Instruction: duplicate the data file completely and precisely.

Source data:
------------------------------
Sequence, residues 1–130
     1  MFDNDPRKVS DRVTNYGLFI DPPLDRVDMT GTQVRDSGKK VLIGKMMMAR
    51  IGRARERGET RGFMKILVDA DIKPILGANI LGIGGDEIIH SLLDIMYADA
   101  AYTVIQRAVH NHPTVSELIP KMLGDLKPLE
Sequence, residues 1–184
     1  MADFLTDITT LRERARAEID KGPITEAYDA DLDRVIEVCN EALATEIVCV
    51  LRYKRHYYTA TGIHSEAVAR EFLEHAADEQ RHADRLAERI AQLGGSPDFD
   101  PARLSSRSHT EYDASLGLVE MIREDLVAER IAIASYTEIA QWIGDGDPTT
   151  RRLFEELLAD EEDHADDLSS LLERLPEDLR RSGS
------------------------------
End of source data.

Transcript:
Sequence, residues 1–130
     1  MFDNDPRKVS DRVTNYGLFI DPPLDRVDMT GTQVRDSGKK VLIGKMMMAR
    51  IGRARERGET RGFMKILVDA DIKPILGANI LGIGGDEIIH SLLDIMYADA
   101  AYTVIQRAVH NHPTVSELIP KMLGDLKPLE
Sequence, residues 1–184
     1  MADFLTDITT LRERARAEID KGPITEAYDA DLDRVIEVCN EALATEIVCV
    51  LRYKRHYYTA TGIHSEAVAR EFLEHAADEQ RHADRLAERI AQLGGSPDFD
   101  PARLSSRSHT EYDASLGLVE MIREDLVAER IAIASYTEIA QWIGDGDPTT
   151  RRLFEELLAD EEDHADDLSS LLERLPEDLR RSGS